10. Logically what comes next, I started at Brown University in the Urba10360465_10204185744024110_6042675827618780031_nn Education Policy Program: While this hasn’t been the BEST thing in 2015, one thing is certain, (in a paradoxical way) I know that if I never came here and if I stayed at UConn I wouldn’t ever know that I truly didn’t like it. I mean, beyond speculation. Also, and I guess obviously, the things I don’t like aren’t the things I was most nervous about so I suppose there’s value in that too. Regardless, I’ve had some amazing opportunities here to continue to grow as a researcher and an academic (whatever that means). I also learned the value of networking and connections beyond the colloquial saying “it’s not what you know, it’s who you know”. I’m working hard and making it work day by day.
  11. I fell in love with stories and great conversations: I traded social media connections for authentic, personal connections and I couldn’t be happier with that choice. I’ve been listening a lot and also searching for those stimulating conversations that ignite wonder and create more opportunities to learn. The kind that leave you thinking and questioning long after the formal discourse has ended. I craved thinking critically and conscientiously. I’ve learned that when you’re open to allowing a conversation to change your perspective and you’re a partner in creating the space for meaningful, intentional interactions you’re facilitating change. Hence, this year, I adopted the use of the phrase “thought partner” in every, even sort of, appropriate context.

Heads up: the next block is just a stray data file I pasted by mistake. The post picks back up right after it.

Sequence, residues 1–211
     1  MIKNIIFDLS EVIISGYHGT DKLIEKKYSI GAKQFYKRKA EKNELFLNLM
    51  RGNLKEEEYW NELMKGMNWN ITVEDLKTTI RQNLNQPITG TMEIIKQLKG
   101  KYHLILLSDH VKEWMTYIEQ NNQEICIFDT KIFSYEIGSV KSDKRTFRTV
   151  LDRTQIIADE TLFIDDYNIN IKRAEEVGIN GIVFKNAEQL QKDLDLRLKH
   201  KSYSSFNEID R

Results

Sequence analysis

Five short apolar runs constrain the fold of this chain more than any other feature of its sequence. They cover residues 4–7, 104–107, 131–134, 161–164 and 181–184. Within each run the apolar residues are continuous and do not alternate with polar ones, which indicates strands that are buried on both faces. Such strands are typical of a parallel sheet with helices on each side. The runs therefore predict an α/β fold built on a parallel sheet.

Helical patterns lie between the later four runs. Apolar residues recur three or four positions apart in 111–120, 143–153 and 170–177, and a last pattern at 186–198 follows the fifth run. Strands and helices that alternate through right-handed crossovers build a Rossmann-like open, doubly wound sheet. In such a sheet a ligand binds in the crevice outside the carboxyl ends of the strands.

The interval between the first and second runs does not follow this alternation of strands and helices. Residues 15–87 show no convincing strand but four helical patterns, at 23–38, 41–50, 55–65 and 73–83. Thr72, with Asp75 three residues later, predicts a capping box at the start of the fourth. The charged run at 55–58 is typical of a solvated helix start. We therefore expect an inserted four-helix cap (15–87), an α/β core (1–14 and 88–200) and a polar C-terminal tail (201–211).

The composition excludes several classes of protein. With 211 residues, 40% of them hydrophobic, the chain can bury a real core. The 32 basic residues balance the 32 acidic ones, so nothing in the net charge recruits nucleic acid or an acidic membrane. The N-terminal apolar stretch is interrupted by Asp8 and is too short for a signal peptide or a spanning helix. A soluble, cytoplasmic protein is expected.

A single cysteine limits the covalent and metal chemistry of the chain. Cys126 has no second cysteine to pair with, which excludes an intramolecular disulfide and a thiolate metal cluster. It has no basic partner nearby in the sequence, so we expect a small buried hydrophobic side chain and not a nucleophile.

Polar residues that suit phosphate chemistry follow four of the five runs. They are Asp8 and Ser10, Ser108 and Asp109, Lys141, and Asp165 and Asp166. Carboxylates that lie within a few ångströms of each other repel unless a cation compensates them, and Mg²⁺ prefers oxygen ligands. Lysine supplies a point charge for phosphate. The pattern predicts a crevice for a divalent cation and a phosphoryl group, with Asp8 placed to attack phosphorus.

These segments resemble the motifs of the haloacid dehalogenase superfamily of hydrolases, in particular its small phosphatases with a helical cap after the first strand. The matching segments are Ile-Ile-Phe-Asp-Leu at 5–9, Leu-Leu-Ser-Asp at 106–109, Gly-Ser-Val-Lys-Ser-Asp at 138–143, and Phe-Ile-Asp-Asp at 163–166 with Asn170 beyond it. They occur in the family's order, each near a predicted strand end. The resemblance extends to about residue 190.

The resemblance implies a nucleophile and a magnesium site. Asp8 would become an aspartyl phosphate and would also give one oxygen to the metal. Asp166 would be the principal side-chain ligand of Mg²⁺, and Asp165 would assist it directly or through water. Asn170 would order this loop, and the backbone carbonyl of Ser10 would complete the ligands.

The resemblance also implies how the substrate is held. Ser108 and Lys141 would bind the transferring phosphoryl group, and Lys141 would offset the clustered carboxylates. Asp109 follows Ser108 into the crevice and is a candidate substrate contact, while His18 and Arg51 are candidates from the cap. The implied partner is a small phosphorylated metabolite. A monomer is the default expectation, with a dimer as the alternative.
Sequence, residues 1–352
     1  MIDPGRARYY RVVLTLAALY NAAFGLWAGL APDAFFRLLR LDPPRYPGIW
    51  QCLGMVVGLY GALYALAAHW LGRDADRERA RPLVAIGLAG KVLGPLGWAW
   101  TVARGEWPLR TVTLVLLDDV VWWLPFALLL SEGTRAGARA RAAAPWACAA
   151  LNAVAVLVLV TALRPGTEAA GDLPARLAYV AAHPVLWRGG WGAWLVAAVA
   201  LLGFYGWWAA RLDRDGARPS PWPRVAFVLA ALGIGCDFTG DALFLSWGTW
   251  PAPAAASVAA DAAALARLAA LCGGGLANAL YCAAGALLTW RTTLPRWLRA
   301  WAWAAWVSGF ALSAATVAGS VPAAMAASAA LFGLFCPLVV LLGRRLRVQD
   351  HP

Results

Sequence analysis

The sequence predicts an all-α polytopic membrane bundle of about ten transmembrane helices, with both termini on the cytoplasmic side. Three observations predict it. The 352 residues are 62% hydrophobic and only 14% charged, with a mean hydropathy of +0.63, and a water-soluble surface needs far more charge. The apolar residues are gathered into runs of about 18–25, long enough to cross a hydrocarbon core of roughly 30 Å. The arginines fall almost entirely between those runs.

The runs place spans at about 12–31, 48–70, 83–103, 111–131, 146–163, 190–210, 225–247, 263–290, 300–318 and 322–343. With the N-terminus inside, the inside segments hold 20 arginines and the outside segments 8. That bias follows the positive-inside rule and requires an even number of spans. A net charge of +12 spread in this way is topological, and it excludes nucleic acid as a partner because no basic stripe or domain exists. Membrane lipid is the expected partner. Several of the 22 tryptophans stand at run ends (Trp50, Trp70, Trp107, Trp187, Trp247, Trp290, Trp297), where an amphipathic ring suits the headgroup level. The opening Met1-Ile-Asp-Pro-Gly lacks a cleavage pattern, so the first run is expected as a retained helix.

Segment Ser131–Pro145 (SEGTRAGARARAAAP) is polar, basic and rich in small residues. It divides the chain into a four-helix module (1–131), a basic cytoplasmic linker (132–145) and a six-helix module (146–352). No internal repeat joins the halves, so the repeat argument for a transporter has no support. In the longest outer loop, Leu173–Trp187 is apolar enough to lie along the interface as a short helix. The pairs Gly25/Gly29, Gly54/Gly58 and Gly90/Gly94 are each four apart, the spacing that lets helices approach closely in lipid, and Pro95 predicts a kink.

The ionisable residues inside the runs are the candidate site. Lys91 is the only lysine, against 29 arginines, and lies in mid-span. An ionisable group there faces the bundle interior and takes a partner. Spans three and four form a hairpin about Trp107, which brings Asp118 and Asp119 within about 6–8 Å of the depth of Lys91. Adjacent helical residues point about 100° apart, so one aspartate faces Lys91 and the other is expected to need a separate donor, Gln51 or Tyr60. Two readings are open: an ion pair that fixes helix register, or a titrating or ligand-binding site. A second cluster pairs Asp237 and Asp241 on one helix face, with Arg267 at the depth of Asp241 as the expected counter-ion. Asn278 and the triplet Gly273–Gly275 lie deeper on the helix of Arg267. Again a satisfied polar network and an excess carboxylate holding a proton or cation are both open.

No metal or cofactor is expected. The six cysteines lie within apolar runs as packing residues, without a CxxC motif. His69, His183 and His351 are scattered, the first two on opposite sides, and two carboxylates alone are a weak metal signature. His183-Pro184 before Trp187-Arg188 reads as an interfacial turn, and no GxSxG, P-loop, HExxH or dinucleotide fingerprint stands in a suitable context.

12. MUSIC: Just music. But really, from country concerts and Broadway musicals, to the sounds and spirits of Kabbalat Shabbat I was reminded of and gained a new appreciation for the ways in which music connects us and fills a room (or a person) with such unique energy. Music fills the quiet space that so often feel lonely. A quote from one of my favorite movies August Rush seems appropriate here, “You know what music is? God’s little reminder that there’s something else besides us in this universe, a harmonic connection between all living beings, every where, even the stars.” SO TRUE! And of course, Taylor Swift gave me more reasons to love her. Including most recently, topping DoSomething.org’s Celebs Gone Good list for the fourth year. Gotta love her!
  13. I traveled! In 2015 (and the last days of 2014) I went to the APO National Convention in Chicago, Israel with UConn Hillel, New Orleans with Honors Across State Borders, NYC, the first ever ParentCampUSA at the U.S. Dept. of Education in D.C., and more!